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several in the last week. they know they need to deliver. they failed on healthcare and if they don't do this they get the voter anger out there throughout the republican party what good are you? they have a burden. the question is when it comes to voting yes which way will theg. i don't want a repeat in the senate. senator mccain will say no democrats are for it so i won't be. senator paul will say i'm not perfect and then up to senator collins to decide. >> sean: it all comes down to maine. >> it may. >> in the next block we'll talk about the nfl anthem controversy. i wonder based on your experience and expertise. you know sports and communications well. how would you advise the president, nfl, the players to move beyond this. they have an opportunity coming up this weekend. can they do it? >> i don't think there is any advising the president on it. he will let it rip whenever he wants to. the core of what he said is right. i raised my children to stand for the national anthem. for the nfl it's time to
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de-escalate. i hope fewer players take a knee and fewer the following week. the players who did it are not sobs, they're trying to be thoughtful about our country. i don't like what they decided to do. i think they're wrong but they aren't sobs. they're people wrestling with something. i regret those words were used. >> i have a new show starting monday at 2:00 p.m. called the daily briefing and you'll be on it. thank you, ari, we appreciate it. directly ahead president trump said the nfl is going to hell. more on that when we come right back. you know who likes to be in control? this guy. check it out! self-appendectomy! oh, that's really attached.
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>> dana: president trump suggested the nfl might be big financial problems if it doesn't get all its players to stand for "the star spangled banner". >> president trump: in my opinion the nfl has to change. or their business will go to hell. >> dana: rush limbaugh, a big fan of the nfl is saying professional football is being used by liberals to talk about a left agenda.
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>> we're dealing with the left and that's now how they operate. everybody knows how much i love the nfl and how bigger than life it's seemed to me. now it doesn't seem bigger than life. it seems -- it seems like a tool now. it has become a tool. i don't mean slang for fool. it has become something being used by the political forces of the left to advance their agenda, which is an anti-american agenda. >> dana: joining us now with reaction from san diego rueben and in washington a democratic strategist. let me start with you, richard. do you think rush limbaugh is capturing what a lot of people feel in the country or was it over the board? >> if the polls are any indication, donald trump is being hurt by this. he was ticking up into the low 40s. he is now down into the 30s again. if so -- >> dana: you think this is why? >> i know the white house had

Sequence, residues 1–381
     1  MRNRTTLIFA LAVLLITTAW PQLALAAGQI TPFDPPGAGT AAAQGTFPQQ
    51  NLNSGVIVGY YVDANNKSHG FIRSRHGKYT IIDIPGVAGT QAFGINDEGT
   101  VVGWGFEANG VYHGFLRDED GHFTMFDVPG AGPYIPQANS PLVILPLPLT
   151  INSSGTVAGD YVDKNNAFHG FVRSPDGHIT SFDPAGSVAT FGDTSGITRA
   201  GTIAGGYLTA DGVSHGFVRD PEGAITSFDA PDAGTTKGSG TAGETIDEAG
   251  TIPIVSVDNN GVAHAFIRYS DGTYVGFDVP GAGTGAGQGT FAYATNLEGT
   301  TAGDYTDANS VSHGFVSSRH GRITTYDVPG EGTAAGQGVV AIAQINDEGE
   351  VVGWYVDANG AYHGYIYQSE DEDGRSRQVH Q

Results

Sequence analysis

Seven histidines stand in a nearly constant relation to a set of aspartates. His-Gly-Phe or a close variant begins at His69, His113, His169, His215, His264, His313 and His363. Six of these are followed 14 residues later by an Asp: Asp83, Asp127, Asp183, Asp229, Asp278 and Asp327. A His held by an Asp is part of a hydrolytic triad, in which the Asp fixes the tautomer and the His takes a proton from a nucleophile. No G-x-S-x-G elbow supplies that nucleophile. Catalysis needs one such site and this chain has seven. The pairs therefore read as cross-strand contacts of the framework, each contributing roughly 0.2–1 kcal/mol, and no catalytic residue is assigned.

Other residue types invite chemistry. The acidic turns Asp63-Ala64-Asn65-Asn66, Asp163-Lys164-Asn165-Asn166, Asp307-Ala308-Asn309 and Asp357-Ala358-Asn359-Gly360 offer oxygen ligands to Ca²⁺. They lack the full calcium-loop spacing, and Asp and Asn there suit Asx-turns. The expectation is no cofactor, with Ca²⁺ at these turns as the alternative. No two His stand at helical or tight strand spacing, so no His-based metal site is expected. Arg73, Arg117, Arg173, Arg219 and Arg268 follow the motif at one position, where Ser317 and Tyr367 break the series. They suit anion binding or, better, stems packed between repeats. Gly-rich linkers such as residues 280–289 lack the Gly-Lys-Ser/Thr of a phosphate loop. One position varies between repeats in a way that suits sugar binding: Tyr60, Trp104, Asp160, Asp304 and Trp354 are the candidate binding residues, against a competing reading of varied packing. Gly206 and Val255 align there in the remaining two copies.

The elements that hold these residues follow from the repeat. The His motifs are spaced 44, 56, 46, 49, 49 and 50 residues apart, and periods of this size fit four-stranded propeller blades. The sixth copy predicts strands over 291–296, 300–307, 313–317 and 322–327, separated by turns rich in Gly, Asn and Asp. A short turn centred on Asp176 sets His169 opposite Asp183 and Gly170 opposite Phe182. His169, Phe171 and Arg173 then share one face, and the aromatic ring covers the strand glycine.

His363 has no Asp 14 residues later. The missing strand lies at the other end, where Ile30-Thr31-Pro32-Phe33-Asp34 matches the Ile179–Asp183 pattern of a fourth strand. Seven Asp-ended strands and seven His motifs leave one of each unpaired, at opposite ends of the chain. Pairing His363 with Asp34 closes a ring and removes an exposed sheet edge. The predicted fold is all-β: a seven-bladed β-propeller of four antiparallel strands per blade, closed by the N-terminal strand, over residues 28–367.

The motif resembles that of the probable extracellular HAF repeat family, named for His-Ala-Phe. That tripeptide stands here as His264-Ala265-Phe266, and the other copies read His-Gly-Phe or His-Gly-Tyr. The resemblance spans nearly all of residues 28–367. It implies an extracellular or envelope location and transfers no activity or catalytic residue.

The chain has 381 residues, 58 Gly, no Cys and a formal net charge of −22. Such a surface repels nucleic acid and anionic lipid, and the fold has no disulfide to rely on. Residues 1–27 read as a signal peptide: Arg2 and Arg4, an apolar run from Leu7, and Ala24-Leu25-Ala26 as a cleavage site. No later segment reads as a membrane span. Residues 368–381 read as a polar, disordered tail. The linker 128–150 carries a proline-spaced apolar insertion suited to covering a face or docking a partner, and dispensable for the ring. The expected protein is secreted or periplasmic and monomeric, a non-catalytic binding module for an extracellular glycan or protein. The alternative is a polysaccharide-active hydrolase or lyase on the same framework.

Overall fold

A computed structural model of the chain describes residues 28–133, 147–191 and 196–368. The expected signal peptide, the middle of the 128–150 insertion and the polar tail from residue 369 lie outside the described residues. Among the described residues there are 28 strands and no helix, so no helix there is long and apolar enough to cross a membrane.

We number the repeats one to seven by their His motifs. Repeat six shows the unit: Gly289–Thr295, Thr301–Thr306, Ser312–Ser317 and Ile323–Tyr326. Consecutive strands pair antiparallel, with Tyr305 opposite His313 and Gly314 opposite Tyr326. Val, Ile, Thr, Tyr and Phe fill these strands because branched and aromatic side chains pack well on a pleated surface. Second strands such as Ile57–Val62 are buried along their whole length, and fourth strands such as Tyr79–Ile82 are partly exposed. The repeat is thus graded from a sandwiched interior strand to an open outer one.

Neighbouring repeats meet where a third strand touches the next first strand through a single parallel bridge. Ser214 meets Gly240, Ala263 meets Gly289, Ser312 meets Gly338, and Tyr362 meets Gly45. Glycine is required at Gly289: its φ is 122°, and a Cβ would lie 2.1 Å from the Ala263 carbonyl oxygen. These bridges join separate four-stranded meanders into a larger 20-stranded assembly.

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the sense that they were on to something. if donald trump can be a divider on racial lines in particular and rush limbaugh has come by this very honestly and so has donald trump. he has been discriminating against blacks in the real estate business since the 70s. he comes to this that is steeped inside him. the fact he is so animated about this nfl kneeling thing and when it came to waving the nazi flag or killing somebody in charlottesville, he kind of equivocated and was indifferent and they were good people. that's what the message is to the american people. they are kind of seeing what's really matters to him. i think it's kind of sad. >> dana: we'll get to a poll that fox news did in a moment. rueben, let me let you speak. i'll defend president trump in a way. he said this is not about race. this is about standing for the national anthem. the left immediately says it's about race.
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rueben, what do you think? >> good to be on with you. i think it's a winning issue for president trump. the early polling shows americans are pretty uniform in their belief that people should stand, athletes should stand for the national anthem. this is the wrong time and place to air this kind of grievance. they don't agree with president trump the players should be fired. they won't go that far. it is a losing issue for the nfl. lose some fans and public support. the wrong hill for them to die on. i stick with president trump on this. i think he is on the right track. >> dana: i would i grew with you. the fox news poll that just came out. it is fairly interesting. the question was kneeling during national anthem as protest. do you think it's appropriate? it was 32% in 2016, now 41%. it went up. that could be because people are more aware of the issue and understanding that you certainly do have the right to
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do it even if it's not the right thing to do. richard, i know this plays well with the left's base. maybe that is true also with trump's base. but for the voters in the middle of the country that were decisive and the ones that helped president trump win election, do you think the left is making a mistake trying to paint him as the villain rather than trying to figure out a way to get beyond this and back to football? >> well, it really comes down, dana, to the issue -- trump is trying to paint this as something it's not. he is saying it's about the flag and the anthem. what it's about is values. when our soldiers carry that flag abroad, it's american values and as we know, the ability to protest is front and center there. do i think it would be better for both parties if we get beyond this? i do. but you know what? colin kaepernick would say it's better that we don't have